Thanks to behemoths like Nike, Levi’s, and Apple, everyone wants to be known and recognized as a brand.
The problem lies with the masses, very few realize the following about brands and branding.
What is a brand?
A brand is more than a visual identity. More than a logo. More than a name.
Brand is a concept that exists in the mind of your customer.
It taps into the rational and decision making process to create a point of distinction between you and your competitors.
Brand is the most important thing your customer will ever know about you.
Branding is not a one time event. It is a process. One that establishes the vision and purpose for your organization and should be built on well-defined and carefully articulated core values and principles.
An effective brand strategy becomes a blue print for the creation and implementation of all marketing, communication and customer service initiatives.
Yet, brand is a living thing. And it must be nurtured and adjusted and realigned as the needs of your marketplace evolve.
Fortunately, the power to control your brand is in your hands. And if you take a pro-active approach to your brand, you can control your success.
A Strategic Approach
The sheer power of brand, its ability to influence, if not control market decisions makes it a critical element in the success of any organization.
That’s why branding must be approached strategically.
Many companies take a design-centered approach to branding. They may employ research and follow a careful planning process, but in the end, their outcome is largely dependent on visual identity or look and feel.
These companies miss the opportunity to build brand in the minds of their audience let alone the soul of their organization.
Other companies approach branding as if it were just another step in the plan. Their lack of branding experience leads them to choose the wrong tools or processes.
But inappropriate use of even the most valuable tools can lead to disaster.
For example, applying market segmentation inappropriately in the branding process can actually lead to brand confusion.
Five Phases of Brand Development
Branding is not a cookie-cutter process. It must be tailored to fit the situation and organization served.
The process options can be organized into 5 broad phases.
- Internal Analysis – exploring and defining brand from an internal perspective
- External Analysis – assessing external perceptions of the brand as well as preferences and values of the target audiences
- Brand Platform – strategic development of the brand, including a brand promise and key brand attributes
- Visual Execution – design and execution of the visual components of the brand
- Brand Roadmap – development of a carefully planned roadmap for implementation and maintenance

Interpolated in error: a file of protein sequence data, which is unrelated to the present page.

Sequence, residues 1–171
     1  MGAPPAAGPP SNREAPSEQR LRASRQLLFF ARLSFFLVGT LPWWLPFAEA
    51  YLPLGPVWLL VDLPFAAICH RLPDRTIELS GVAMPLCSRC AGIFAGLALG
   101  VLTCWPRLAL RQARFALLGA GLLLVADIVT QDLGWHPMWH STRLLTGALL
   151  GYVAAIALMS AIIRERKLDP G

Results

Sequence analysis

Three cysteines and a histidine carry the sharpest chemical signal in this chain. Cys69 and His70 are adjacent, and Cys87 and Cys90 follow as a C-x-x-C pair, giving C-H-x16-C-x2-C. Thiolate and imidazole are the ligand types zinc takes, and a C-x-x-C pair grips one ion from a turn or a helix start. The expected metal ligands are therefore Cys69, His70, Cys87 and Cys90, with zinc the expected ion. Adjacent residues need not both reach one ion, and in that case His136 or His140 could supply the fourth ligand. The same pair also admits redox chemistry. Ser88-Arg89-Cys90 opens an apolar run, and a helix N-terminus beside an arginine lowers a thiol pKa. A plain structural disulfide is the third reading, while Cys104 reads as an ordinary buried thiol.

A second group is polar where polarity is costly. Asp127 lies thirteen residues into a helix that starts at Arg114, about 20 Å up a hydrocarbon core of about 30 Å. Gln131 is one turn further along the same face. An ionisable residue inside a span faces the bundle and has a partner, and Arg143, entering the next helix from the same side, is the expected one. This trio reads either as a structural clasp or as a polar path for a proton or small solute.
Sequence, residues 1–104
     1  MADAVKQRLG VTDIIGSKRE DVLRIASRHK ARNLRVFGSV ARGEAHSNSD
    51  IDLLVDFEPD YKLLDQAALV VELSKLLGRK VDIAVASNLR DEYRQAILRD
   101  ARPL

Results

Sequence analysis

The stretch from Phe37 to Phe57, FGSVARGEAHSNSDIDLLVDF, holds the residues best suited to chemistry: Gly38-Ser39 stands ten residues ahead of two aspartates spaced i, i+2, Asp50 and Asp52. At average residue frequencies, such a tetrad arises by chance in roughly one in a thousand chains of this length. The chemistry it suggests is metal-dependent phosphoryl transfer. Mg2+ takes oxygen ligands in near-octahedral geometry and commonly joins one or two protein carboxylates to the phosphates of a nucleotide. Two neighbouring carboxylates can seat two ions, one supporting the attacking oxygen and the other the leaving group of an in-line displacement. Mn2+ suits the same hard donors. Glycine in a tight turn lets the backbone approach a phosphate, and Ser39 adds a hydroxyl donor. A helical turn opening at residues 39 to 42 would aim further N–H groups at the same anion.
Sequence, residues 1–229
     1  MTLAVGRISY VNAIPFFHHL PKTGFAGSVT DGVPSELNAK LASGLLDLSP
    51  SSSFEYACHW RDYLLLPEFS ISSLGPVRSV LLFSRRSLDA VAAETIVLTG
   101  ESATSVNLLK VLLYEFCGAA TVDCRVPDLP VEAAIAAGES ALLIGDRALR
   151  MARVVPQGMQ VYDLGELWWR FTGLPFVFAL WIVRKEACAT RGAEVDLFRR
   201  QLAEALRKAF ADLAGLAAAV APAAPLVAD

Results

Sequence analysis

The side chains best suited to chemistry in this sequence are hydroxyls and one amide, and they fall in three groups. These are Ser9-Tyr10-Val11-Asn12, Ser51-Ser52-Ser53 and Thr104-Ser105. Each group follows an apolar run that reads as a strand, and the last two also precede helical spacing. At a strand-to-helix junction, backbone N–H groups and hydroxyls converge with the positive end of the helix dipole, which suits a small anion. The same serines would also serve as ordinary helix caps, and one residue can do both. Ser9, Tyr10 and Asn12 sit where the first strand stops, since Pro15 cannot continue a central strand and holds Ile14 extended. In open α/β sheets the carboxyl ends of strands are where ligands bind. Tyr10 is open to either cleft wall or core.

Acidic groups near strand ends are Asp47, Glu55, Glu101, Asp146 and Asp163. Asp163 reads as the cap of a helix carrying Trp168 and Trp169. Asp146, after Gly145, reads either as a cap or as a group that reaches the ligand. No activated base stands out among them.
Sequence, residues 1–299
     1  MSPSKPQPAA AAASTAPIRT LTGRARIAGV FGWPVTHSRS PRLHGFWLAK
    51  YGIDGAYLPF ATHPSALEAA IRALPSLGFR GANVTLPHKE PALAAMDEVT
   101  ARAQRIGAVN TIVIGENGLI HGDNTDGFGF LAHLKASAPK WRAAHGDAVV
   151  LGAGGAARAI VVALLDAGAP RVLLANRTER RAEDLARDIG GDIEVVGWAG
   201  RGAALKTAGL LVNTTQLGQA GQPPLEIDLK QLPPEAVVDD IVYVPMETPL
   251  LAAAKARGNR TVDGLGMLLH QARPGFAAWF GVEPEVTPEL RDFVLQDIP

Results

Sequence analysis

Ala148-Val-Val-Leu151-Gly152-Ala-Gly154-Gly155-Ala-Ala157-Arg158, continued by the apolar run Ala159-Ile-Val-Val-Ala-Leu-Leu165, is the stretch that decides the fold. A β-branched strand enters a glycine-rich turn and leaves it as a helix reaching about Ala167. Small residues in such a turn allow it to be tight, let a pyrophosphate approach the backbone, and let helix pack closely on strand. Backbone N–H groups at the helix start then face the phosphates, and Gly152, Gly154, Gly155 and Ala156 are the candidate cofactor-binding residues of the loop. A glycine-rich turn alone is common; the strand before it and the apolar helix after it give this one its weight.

Phase 1: Internal Analysis
1. Outline Business Objectives
The first step of the internal analysis phase is to clearly spell out your organization’s objectives.
Are you interested in growth? In Profits? And accomplishing a social mission? And how will you know when you achieve that goal?
2. Identify Differentiators and Advantages
The second step is to take an honest look at the things that differentiate you from those who compete against you. What makes your organization and products or services unique?
How are you better? Why should the market prefer you?
3. Review Communications Material
The third step is to review your existing communications materials. Both physical and electronic. With a critical eye.
What are you really saying to your public? To your employees?
4. Explore Internal Brand Perception
Ask your employees to define your brand. Ask them what they think your customers want. And how well they think you meet your market needs.
And ask them what they think of the organization they work for. What makes them proud? Where do they feel the organization falls short?
5. Confirm Beliefs, Values and Vision
Next, look at your beliefs, organizational values and your vision.
6. Review Industry
Take a look at the industry or the sector where you compete.
7. Reaffirm Audiences and Offerings
Finally, reaffirm your audiences and offerings
8. Summarize Your Internal Findings
Write down exactly where you think you are in terms of brand. Your strengths, your weaknesses, your hopes and your shortfalls.
You are probably familiar with the many tools at your disposal. If you are not, then just go online or consult a professional marketing firm for guidance.
Some of the tools include:
- SWOT Analysis
- 1 on 1 Interviews
- Employee Surveys
- Staff Meetings
Phase 2: External Analysis
The second phase will provide a clearer picture of your brand.
1. Perform Competitive Analysis
Because all organizations compete for the attention of their audiences, start by taking a close look at your competition.
How do your competitors position themselves? How do they portray you? Are they accurate? Are they believed in the market place?
2. Perform Market Analysis
If you haven’t already done so, then size and segment your market place.
Decide which groups you most need to influence. And target those groups throughout the branding process.
3. Explore Brand Perception among Audiences
Survey your most important audience segments to find out what they think of you. And what they think of your competition.
4. Identify Values among Audiences